Wednesday, April 01, 2009

Joe Higgins - The Man Who Saved Baseball in Kingsport

A couple of months ago someone told me that J. Fred Johnson Stadium isn’t really J. Fred Johnson Stadium. “Just look at the plaque on the outside.”

I went to a D-B baseball game last week and finally got around to checking out the plaque on the outside wall, near the entrance to the baseball stadium:
“In memory of H. Joseph Higgins 1951.”

Is it really Higgins Memorial Stadium? Why have I never heard that? And who was H. Joseph Higgins?

First things first: it is not Higgins Stadium.

According to a Times News story from August 26, 1951, when the plaque was mounted, it was not to rename the stadium but to honor “the late H. Joe Higgins, leading figure in the history of organized baseball in Kingsport and the Appalachian League.”
And that brings us to Joe Higgins. Who was Joe Higgins?

When he died of a heart attack in 1951 at the age of 53, Times News golf columnist Rex Harrington – yes, apparently we had a golf columnist in 1951 – devoted his column “Slicing in the Rough” to a tribute to Higgins, whom he called “one of Kingsport’s and the world's finest gentlemen and sportsmen.” Harrington said Higgins was “if not the father then the stepfather of baseball in Kingsport.”

Higgins had come to Kingsport in 1923. This newspaper reported on January 19, 1923, “Joseph Higgins arrived from New York the first of the week. He is the first of a number of linotype operators to be employed by the Kingsport Press.” Kingsport was a very small town then and the paper reported those sorts of things.

He would work at the Press until his death. His baseball work was a sideline.
At first he was head of the local City Industrial League, a semi-pro outfit featuring baseball teams sponsored by local industries, including the Press.
When a movement formed to resurrect the old Appalachian League, a Class D minor league which had folded in 1925, Higgins was one of the leaders.

Harrington wrote, “Joe was among those instrumental in bringing professional baseball back to Kingsport in 1938 after a lapse of some 13 years. He played a leading role in the new club and in 1941, when it appeared that the sport was doomed here, he assumed control of the entire stock. That saved the day for Kingsport. Not too long after that he was the main factor in keeping the Appalachian League going during the hard years of World War II. It was one of two Class D leagues to continue operation all through the war and Joe Higgins was the main reason.”

That team, the Kingsport Cherokees, were league kingpins in the war years, winning the league pennant in 1944 and 1945 and finishing second in 1943. (Lefty Akard was manager for part of the ’44 season!) But the team’s fortunes declined in the postwar years, finishing sixth, sixth, eighth and eighth in the first four years of the post war period.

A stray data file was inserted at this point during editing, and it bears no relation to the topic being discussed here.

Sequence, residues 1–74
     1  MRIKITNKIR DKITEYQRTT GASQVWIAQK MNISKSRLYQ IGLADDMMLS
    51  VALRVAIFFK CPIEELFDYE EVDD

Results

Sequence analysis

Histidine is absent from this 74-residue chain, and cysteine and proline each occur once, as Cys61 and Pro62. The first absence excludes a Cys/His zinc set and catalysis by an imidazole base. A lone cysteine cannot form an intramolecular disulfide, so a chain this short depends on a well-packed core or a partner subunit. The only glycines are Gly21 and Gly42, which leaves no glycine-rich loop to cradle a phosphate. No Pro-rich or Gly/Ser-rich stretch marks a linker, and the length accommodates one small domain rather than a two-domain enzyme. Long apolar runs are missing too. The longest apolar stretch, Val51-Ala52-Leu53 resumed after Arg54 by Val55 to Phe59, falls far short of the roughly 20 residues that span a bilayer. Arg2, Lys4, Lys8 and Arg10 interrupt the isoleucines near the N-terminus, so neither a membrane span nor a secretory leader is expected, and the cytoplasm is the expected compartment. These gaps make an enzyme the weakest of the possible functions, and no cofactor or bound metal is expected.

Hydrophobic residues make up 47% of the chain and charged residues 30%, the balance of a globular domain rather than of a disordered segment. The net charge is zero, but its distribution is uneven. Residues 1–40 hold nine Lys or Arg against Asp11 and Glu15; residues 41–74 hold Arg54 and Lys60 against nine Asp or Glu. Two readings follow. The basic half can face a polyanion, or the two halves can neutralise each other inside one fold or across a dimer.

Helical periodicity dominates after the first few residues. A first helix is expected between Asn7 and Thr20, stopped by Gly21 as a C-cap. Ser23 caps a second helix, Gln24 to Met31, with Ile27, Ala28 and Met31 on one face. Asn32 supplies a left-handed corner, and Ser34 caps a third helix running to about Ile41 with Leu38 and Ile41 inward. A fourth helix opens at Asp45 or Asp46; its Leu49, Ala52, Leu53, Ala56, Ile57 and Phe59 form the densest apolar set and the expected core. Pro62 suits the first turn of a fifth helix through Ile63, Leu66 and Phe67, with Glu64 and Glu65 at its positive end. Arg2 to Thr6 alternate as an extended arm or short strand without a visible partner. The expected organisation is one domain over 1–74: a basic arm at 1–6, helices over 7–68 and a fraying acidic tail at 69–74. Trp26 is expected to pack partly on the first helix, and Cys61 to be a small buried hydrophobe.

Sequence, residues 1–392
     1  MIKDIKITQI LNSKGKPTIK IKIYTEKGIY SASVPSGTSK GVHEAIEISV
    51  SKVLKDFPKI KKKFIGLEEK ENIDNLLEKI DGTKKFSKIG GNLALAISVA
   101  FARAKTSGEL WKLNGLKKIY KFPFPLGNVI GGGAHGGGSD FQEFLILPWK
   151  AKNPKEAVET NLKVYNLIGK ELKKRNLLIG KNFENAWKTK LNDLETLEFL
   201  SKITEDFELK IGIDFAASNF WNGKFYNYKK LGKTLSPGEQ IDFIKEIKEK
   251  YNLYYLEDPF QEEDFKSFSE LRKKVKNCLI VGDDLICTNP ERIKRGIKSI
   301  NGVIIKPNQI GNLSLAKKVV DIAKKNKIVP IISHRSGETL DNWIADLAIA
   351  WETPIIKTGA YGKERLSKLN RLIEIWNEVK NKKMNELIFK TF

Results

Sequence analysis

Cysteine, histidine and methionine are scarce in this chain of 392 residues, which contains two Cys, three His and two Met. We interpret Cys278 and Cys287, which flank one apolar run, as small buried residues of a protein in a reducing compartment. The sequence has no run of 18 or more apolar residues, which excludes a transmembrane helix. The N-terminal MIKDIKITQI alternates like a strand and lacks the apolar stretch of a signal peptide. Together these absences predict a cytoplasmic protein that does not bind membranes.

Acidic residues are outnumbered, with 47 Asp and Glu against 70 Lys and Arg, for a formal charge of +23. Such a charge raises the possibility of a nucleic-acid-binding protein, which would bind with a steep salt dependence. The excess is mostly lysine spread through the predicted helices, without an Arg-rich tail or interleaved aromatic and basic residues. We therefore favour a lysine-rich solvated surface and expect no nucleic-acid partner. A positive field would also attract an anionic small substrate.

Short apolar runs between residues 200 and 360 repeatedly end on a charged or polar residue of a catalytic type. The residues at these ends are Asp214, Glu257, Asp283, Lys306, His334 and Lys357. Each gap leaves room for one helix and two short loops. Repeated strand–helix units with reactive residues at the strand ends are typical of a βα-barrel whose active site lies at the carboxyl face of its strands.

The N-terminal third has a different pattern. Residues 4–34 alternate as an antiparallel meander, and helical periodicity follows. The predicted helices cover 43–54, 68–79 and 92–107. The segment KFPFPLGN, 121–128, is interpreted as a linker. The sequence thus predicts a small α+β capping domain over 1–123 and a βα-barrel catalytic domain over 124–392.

Harrington wrote, “Joe kept baseball running in Kingsport after the war, when at times it seemed there was no interest whatsoever. But he repeated his love for the game and received new inspiration to carry on.”

But one man couldn’t support winning baseball – and a family - on a Press supervisor’s salary.

“Pressure became great for Kingsport to have a better ball club. It had the best one man could offer. In fact, very few individuals could have done so well. So Joe still thinking of the game and the fans, sold the controlling interest to a group of local businessmen (in January 1951). He didn't quit, though. He remained in a prominent role as vice president of the club.”

The paper reported he had $30,000 invested in the club and was selling it for half that.

Suddenly things turned around in the 1951 season behind new manager Jack Crosswhite and stars Ned Jilton, George Wright, Powell King and Muscle Shoals.
The team was cruising toward its first pennant in six years when Joe had his fatal heart attack. He didn’t live to see the Kingsport Cherokees win the Appalachian League championship of 1951. But he was responsible, he had laid the groundwork, and when he finally got the working capital he needed, he brought in the ball players who could win.

So it’s not Joe Higgins Stadium. But maybe it should be, at least the baseball part.

From January, 19, 1923 Kingsport Times:

The arrival of the Kingsport Cherokees, April 14, 1938 newspaper:

Joe Higgins untimely death from June 25, 1951 newspaper:

Times golf columnist Rex Harrington pays tribute to a baseball man:


At 12:11 PM, Anonymous Anonymous said...

Just this week my sister and I went through a box of our father's baseball memorabilia from the Brooklyn Dodgers and with the correspondence was his 1942 contrast with the Kingsport Baseball Club and signed by H. Joseph Higgins, so I googled him and found your blog..thanks for the wonderful tribute.
We also have photos of my father with Babe Ruth and Bobby Fellers which I believe are from somewhere in Florida, dad in a J.Grays uniform and Ruth is wearing a baseball uniform with an "All American " round patch with a flag in the middle and what looks like an S over a B on the left sleeve.
Fellers is wearing a jacket.
Great memories of our Dad as a very young(17) Brooklyn boy who the Dodger scouts saw playing at Ebbet's Field and signed him up.
Going to read the articles about Joe Higgins now, thanks again.


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